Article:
On Thu, Sep 5, 2013 at 4:41 PM, Perry E. Metzger <pe...@piermont.com> wrote:

> On Thu, 5 Sep 2013 15:58:04 -0400 "Perry E. Metzger"
> <pe...@piermont.com> wrote:
> > I would like to open the floor to *informed speculation* about
> Here are a few guesses from me:
> 1) I would not be surprised if it turned out that some people working
> for some vendors have made code and hardware changes at the NSA's
> behest without the knowledge of their managers or their firm. If I
> were running such a program, paying off a couple of key people here
> and there would seem only rational, doubly so if the disclosure of
> their involvement could be made into a crime by giving them a
> clearance or some such.

Or they contacted the NSA alumni working in the industry.

> 2) I would not be surprised if some of the slow speed at which
> improved/fixed hashes, algorithms, protocols, etc. have been adopted
> might be because of pressure or people who had been paid off.

> At the very least, anyone whining at a standards meeting from now on
> that they don't want to implement a security fix because "it isn't
> important to the user experience" or adds minuscule delays to an
> initial connection or whatever should be viewed with enormous
> suspicion. Whether I am correct or not, such behavior clearly serves
> the interest of those who would do bad things.

I think it is subtler that that. Trying to block a strong cipher is too
obvious. Much better to push for something that is overly complicated or
too difficult for end users to make use of.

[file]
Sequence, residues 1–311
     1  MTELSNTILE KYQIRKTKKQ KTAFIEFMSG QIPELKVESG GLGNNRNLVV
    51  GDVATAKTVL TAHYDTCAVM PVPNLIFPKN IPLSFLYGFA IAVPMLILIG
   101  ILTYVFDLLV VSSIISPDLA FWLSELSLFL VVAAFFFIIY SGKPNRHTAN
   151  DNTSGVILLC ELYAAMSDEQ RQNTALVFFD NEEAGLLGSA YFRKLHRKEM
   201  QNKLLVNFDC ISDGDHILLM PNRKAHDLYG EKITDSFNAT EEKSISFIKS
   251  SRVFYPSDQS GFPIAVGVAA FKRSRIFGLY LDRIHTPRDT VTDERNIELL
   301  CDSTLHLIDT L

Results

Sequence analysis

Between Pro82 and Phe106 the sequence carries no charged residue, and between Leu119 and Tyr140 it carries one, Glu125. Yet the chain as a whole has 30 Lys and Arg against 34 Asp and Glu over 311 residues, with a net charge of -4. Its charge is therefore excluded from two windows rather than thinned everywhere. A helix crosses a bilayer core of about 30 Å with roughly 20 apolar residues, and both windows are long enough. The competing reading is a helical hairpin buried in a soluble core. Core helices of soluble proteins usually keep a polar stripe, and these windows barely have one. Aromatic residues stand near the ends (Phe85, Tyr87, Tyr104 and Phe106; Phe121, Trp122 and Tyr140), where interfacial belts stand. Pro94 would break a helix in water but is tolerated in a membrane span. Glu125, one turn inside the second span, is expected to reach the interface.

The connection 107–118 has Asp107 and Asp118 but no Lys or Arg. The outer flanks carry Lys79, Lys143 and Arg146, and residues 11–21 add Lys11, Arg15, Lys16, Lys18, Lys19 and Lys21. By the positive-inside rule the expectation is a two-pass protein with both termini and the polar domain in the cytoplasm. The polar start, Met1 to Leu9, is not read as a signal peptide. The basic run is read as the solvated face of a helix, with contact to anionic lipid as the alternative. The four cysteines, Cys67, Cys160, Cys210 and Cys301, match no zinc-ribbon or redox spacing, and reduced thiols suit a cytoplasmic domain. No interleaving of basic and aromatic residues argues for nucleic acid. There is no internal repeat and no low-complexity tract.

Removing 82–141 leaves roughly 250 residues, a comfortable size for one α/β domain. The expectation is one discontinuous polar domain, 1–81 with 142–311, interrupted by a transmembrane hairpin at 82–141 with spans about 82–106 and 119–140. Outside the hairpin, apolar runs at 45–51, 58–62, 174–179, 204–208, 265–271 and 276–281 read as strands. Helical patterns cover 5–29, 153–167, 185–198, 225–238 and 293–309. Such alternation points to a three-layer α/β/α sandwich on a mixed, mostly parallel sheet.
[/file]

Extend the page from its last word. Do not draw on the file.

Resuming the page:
* The bizare complexity of IPSEC.

* Allowing deployment of DNSSEC to be blocked in 2002 by blocking a
technical change that made it possible to deploy in .com.

* Proposals to deploy security policy information (always send me data
encrypted) have been consistently filibustered by people making nonsensical

3) I would not be surprised if random number generator problems in a
> variety of equipment and software were not a very obvious target,
> whether those problems were intentionally added or not.

Agreed, the PRNG is the easiest thing to futz with.

It would not surprise me if we discovered kleptography at work as well.

> 4) Choices not to use things like Diffie-Hellman in TLS connections
> on the basis that it damages user experience and the like should be
> viewed with enormous suspicion.
> 5) Choices not to make add-ons available in things like chat clients
> or mail programs that could be used for cryptography should be viewed
> with suspicion.

I think the thing that discouraged all that was the decision to make end
user certificates hard to obtain (still no automatic spec) and expire after
a year.

Website: http://hallambaker.com/
The cryptography mailing list

Reply via email to